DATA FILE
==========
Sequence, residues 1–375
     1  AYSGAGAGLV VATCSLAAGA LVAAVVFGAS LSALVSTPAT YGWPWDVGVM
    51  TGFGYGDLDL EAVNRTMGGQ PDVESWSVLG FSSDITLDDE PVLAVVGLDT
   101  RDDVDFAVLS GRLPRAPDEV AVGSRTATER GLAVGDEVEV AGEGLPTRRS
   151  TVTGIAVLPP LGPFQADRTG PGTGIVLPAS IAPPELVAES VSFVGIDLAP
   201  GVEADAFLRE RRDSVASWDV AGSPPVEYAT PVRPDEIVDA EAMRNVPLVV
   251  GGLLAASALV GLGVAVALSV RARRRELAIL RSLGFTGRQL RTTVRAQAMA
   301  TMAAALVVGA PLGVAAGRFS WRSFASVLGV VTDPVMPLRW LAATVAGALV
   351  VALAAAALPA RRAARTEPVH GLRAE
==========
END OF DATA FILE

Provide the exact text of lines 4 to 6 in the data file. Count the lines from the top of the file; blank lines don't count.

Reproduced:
   101  RDDVDFAVLS GRLPRAPDEV AVGSRTATER GLAVGDEVEV AGEGLPTRRS
   151  TVTGIAVLPP LGPFQADRTG PGTGIVLPAS IAPPELVAES VSFVGIDLAP
   201  GVEADAFLRE RRDSVASWDV AGSPPVEYAT PVRPDEIVDA EAMRNVPLVV